New figures from jobs site Indeed this week reveal that vacancies for Data Protection Officers (DPOs) have soared by 709% in the two years since the EU General Data Protection Regulation (GDPR) was ratified two years back. It’s a shame that, with so long to prepare, organisations are only now wising up to the implications of the region-wide privacy law. Our own research has shown that many other areas of investment are also lacking.
What are needed most now are cool heads and a long-term, strategic approach to GDPR compliance. Racing to finish before the May 25 deadline could lead to mistakes and gaps which may cause more harm than good. Think of this as a continuous process, not a one-off Y2K-style effort. Continue reading →
There’s a major new piece of EU cybersecurity-related legislation landing in May, but it might not be the one you’re thinking of. Most UK organisations have their eyes firmly focused on the General Data Protection Regulation (GDPR). But arguably just as important for companies operating in critical infrastructure sectors is the new Security of Network and Information Systems (NIS) Directive. It introduces a range of best practice security steps which organisations must follow: fail to do so and you could face a GDPR-sized fine of up to £17m.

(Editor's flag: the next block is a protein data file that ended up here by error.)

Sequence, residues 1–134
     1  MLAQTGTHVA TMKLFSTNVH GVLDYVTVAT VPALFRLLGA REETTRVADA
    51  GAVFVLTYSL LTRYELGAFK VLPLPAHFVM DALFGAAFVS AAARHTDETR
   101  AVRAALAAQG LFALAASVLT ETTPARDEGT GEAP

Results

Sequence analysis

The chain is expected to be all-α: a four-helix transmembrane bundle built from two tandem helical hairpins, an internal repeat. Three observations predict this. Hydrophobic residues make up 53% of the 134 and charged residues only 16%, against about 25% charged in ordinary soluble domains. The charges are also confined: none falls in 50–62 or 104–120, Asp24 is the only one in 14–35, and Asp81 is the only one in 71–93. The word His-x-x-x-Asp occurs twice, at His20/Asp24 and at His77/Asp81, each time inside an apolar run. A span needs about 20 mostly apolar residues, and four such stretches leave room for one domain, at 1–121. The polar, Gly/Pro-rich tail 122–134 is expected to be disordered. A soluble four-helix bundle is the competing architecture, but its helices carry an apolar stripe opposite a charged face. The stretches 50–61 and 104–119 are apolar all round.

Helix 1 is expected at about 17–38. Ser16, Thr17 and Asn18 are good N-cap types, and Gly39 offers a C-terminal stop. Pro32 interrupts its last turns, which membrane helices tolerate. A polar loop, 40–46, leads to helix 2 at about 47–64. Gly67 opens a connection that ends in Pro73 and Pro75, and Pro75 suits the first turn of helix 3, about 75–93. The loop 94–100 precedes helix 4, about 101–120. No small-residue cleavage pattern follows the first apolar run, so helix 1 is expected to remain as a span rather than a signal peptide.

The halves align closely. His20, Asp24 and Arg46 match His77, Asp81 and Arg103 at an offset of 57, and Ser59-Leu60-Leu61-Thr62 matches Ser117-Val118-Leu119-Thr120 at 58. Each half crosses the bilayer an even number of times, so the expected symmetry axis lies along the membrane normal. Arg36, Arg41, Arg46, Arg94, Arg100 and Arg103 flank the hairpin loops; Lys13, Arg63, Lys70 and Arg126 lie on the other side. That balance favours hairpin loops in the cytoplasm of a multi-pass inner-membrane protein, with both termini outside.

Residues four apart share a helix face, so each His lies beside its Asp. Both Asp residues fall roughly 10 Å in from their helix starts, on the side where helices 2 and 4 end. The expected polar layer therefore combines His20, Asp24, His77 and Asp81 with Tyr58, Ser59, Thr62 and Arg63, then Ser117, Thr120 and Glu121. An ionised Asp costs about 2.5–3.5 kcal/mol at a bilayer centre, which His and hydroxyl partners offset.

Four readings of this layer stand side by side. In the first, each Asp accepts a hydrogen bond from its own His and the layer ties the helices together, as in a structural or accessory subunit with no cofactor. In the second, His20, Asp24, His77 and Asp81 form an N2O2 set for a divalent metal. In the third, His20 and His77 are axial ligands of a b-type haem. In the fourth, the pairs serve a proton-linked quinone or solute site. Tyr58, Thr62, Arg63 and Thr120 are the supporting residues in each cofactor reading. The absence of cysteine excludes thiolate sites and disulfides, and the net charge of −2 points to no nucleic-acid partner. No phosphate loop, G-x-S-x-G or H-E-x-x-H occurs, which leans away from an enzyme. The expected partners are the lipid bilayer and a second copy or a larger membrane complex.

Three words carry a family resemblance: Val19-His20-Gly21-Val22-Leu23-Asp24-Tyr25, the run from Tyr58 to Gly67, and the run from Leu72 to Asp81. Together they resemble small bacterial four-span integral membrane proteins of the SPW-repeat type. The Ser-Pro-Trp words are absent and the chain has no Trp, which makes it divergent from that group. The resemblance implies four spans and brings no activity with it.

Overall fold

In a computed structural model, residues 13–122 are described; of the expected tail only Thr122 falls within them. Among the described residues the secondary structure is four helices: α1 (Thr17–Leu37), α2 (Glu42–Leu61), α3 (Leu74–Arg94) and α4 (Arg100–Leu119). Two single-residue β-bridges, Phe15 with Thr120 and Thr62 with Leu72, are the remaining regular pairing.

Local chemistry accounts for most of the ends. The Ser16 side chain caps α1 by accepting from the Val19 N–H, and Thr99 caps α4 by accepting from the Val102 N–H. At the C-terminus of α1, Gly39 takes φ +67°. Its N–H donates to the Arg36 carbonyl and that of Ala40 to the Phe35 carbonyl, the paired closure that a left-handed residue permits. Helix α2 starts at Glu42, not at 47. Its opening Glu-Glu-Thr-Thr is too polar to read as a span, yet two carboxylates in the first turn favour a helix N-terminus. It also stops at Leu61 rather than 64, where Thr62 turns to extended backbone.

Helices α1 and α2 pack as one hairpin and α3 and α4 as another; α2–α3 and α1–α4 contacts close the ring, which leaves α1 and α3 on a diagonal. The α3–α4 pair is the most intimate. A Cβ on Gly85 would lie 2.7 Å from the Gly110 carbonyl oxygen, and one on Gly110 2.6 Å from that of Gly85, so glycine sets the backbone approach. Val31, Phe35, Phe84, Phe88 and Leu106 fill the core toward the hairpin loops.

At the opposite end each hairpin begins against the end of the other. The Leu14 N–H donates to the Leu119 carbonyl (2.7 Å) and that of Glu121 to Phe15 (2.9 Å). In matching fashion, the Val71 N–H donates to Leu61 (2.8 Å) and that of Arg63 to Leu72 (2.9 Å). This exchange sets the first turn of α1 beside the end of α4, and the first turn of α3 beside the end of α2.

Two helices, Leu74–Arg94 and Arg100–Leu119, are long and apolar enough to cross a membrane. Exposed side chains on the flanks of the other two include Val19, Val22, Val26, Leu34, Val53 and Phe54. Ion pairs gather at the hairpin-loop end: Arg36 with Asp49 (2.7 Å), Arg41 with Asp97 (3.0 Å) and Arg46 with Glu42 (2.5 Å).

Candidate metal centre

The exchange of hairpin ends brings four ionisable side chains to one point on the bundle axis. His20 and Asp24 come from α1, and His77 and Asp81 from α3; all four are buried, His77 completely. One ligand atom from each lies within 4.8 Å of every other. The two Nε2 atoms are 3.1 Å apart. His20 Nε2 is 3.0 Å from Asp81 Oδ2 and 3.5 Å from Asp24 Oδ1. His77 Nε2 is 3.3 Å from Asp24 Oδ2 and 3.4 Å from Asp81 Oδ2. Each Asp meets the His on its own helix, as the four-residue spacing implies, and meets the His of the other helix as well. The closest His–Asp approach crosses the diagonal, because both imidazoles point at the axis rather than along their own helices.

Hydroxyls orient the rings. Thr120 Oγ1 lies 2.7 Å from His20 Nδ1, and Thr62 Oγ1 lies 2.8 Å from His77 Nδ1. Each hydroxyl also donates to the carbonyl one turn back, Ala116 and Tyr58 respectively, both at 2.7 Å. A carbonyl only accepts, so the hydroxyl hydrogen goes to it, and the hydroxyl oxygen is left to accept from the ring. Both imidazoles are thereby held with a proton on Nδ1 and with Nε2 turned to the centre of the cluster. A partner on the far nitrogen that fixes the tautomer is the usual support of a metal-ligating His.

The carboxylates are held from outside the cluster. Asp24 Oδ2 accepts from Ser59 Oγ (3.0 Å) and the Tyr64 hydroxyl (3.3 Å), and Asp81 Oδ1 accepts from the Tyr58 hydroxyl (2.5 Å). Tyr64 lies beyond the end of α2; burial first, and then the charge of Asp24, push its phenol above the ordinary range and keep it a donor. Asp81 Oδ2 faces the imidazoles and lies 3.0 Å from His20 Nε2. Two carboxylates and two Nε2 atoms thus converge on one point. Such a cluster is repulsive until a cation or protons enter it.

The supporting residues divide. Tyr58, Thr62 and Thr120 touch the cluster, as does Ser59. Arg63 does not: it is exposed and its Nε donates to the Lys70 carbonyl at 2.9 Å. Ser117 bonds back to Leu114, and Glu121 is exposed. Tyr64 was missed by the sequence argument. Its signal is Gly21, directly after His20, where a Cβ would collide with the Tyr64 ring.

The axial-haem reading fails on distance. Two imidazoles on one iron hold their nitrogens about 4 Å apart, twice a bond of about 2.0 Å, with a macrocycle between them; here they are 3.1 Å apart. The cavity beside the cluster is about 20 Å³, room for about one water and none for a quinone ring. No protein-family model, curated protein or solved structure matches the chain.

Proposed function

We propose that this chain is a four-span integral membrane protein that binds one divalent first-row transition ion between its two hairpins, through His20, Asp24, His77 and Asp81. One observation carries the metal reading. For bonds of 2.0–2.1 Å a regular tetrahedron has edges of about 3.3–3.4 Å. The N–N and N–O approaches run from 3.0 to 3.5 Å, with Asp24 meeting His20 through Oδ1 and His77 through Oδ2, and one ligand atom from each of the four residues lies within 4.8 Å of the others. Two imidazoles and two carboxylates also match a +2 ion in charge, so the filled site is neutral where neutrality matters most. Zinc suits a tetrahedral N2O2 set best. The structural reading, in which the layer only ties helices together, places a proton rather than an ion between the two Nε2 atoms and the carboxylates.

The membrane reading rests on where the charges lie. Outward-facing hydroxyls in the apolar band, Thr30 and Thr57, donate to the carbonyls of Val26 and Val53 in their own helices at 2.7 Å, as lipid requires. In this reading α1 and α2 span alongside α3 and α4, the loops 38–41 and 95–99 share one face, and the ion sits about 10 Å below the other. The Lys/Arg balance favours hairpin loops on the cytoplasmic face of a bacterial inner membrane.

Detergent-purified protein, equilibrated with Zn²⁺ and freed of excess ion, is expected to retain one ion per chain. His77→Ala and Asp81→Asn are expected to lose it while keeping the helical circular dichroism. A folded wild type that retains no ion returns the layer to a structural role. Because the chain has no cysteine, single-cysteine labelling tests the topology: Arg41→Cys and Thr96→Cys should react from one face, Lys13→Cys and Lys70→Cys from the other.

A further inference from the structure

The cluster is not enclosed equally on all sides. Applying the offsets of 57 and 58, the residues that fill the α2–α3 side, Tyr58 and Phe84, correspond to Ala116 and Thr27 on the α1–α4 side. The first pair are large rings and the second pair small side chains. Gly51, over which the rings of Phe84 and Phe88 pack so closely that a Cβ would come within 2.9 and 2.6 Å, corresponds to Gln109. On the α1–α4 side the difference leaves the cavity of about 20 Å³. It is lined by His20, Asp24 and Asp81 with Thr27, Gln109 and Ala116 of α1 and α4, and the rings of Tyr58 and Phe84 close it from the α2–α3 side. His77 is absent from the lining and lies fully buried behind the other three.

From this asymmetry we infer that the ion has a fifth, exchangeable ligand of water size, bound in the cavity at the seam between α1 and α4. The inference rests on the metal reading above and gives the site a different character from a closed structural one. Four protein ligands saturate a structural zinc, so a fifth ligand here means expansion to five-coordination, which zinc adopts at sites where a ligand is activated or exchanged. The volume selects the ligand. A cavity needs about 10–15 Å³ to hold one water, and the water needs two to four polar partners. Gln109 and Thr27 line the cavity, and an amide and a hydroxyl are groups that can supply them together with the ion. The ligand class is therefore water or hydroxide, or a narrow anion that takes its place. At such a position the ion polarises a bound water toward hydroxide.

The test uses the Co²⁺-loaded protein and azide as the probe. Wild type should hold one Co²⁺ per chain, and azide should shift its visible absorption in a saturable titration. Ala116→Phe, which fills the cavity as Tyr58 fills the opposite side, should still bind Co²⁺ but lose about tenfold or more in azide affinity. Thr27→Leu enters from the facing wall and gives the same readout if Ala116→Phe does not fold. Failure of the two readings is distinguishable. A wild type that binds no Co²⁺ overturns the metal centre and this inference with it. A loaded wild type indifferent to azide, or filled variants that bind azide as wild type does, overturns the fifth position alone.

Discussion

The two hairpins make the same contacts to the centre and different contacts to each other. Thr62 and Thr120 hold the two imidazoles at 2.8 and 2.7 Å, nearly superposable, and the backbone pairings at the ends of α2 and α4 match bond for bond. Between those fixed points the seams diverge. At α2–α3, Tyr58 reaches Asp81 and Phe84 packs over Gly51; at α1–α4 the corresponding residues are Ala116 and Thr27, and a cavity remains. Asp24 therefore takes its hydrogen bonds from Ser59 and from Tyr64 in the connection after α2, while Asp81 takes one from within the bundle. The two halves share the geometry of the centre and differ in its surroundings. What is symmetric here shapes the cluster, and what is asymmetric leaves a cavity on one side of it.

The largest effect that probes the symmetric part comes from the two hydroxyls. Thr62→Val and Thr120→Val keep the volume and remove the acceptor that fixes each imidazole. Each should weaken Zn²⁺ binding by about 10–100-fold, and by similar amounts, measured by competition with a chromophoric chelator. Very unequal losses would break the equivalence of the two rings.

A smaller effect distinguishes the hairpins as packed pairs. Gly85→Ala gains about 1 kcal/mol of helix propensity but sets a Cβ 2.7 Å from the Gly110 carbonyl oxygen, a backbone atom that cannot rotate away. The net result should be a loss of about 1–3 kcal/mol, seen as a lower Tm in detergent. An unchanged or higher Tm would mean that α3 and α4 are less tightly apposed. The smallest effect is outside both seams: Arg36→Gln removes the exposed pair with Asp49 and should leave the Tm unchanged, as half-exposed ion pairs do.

The government has already committed to transposing the directive into UK law irrespective of Brexit. With a 10 May deadline looming, the clock is ticking. Continue reading →
The past 12 months have been packed with geopolitical incident, global malware threats and ubiquitous big-name data breaches. From the CIA Vault7 and NSA Shadow Brokers leaks at the start of the year, to the WannaCry and NotPetya ‘ransomware’ campaigns, and Uber’s shock revelations just last month, there’s been plenty for UK CISOs to ruminate on. But now the year is nearly at an end, it might be useful to recap some of the biggest themes of 2017 — with an eye on fortifying systems for the 12 months to come. Continue reading →
Consumers and cybersecurity professionals around the world have been stunned by Uber’s revelation that it paid hackers $100,000 to delete data on 57 million users stolen last year. There are many strands to the case, and more details are likely to emerge over time. But fundamentally it highlights the need for firms to secure their cloud environments as rigorously as anything on premise.